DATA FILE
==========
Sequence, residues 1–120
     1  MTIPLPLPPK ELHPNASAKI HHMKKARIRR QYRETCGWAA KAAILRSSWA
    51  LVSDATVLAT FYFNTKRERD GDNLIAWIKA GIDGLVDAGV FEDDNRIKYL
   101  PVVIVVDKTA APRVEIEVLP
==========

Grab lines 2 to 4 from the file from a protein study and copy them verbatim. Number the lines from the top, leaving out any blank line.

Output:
     1  MTIPLPLPPK ELHPNASAKI HHMKKARIRR QYRETCGWAA KAAILRSSWA
    51  LVSDATVLAT FYFNTKRERD GDNLIAWIKA GIDGLVDAGV FEDDNRIKYL
   101  PVVIVVDKTA APRVEIEVLP